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Constitutional Court rejects blocking Catalan independence motion vote

Judges accept appeal lodged by opposition Ciudadanos, Popular Party and Socialists

Catalan opposition leaders outside the Constitutional Court on Wednesday. Ampliar foto
Catalan opposition leaders outside the Constitutional Court on Wednesday. EFE

Spain’s Constitutional Court has unanimously rejected blocking the debate and vote on the motion declaring the start of the independence process due to be held in the Catalan parliament on Monday following an appeal by opposition parties.

Although the court unanimously admitted the appeals presented by Ciudadanos (C’s), the Popular Party (PP) and the Catalan Socialists (PSC), it has refused to suspend the session as a precautionary measure, as the first two groups had requested.

Parliament was the “natural headquarters for political debate” and the result of that debate “should not condition the viability of that debate in advance,” the court said. That is why it believes it is unable to suspend the session. 

The court will now examine the appeal with no fixed deadline. The three parties have all invoked article 23 of the Constitution, which deals with the right to active participation, something they believe the decision to debate the bill on Monday violates.

The central government has already said it will challenge the motion once it is passed in the Catalan parliament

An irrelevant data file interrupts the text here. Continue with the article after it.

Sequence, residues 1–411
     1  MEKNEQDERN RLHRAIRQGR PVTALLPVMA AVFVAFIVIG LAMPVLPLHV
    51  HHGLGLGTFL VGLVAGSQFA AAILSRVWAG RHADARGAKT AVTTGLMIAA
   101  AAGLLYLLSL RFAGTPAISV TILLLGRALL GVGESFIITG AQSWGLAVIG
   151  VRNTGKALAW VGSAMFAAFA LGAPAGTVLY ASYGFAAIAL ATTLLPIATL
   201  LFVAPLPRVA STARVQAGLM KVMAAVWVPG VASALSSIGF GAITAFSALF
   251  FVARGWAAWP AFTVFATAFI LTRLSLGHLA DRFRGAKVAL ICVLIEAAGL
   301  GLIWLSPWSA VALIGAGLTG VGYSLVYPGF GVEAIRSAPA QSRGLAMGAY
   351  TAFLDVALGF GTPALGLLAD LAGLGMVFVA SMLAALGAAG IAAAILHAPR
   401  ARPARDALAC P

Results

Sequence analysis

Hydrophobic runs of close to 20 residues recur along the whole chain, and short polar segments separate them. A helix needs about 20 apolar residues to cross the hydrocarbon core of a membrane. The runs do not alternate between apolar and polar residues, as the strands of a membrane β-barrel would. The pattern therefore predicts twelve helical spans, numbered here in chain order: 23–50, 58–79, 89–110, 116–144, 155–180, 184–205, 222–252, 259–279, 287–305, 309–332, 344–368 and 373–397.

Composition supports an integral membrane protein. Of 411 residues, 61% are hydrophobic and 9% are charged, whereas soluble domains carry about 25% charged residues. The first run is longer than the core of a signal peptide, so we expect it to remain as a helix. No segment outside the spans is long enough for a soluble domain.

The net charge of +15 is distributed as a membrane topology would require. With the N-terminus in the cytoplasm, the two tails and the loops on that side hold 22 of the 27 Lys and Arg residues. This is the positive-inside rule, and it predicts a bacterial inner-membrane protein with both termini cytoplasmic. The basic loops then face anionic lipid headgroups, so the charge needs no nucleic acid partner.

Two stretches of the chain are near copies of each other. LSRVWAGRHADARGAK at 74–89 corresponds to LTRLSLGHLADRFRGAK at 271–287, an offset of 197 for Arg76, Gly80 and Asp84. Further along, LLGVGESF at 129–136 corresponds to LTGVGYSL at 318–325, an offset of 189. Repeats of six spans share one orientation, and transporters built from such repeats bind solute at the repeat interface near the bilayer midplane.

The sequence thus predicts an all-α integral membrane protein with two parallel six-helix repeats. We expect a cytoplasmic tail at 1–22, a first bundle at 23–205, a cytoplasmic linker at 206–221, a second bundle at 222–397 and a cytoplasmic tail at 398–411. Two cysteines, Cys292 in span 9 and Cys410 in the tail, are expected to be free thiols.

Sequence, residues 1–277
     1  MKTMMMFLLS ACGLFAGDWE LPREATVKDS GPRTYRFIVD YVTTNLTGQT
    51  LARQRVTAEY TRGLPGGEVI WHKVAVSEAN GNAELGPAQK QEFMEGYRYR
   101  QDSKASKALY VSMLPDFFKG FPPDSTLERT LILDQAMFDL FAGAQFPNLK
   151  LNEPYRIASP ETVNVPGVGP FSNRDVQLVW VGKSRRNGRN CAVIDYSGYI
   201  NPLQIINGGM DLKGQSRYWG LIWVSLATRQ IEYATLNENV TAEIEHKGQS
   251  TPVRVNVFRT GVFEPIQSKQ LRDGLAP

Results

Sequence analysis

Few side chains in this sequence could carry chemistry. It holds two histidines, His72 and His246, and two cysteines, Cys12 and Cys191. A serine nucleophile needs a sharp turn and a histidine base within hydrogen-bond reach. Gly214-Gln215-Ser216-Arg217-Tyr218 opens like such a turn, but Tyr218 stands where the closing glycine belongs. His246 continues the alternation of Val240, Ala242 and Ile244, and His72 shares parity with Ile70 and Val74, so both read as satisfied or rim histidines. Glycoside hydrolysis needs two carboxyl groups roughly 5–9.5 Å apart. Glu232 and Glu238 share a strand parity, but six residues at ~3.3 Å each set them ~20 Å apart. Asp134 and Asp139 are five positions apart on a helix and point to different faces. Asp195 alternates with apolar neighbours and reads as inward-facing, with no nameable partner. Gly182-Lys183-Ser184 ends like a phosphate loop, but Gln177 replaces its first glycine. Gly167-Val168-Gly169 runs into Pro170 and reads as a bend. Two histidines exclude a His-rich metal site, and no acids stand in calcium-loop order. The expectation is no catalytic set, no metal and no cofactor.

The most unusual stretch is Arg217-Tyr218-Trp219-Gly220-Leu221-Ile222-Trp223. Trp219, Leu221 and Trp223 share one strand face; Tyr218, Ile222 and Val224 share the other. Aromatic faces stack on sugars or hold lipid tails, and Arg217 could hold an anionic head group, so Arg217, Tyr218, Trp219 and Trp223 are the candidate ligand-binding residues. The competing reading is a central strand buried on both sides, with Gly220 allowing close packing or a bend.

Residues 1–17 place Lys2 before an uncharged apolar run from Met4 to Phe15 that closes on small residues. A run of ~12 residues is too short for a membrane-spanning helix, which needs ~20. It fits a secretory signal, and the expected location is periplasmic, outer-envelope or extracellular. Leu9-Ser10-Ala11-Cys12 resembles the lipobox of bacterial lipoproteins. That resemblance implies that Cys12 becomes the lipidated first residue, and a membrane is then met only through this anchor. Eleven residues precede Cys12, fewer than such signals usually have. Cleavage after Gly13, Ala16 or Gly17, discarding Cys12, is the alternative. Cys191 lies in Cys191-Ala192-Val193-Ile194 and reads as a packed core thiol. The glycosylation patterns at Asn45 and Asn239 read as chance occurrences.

In any case, the Madrid central government has already announced that it will challenge the motion once it is passed in the Catalan parliament. In that case, a suspension occurs automatically when a challenge lodged by the central government is admitted by the court.

Catalan separatist parties are attempting to force the regional parliament into quickly passing a motion that will kick-start the independence process before the session to swear in the new regional premier takes place on Monday.

Last week, the ruling Junts pel Sí separatist bloc and the radical left CUP drafted a motion that calls for the beginning of the process to create an independent Catalan republic. Since then, Spanish Prime Minister Mariano Rajoy, of the PP,  has met with leaders of other mainstream parties, chiefly the Socialists, Ciudadanos and Podemos, in an effort to come up with a coordinated response to this challenge to Spain’s laws.

The Catalan parliament now has 10 days to send the court the documentation about the case and its statements regarding the appeal.

English version by Nick Funnell.

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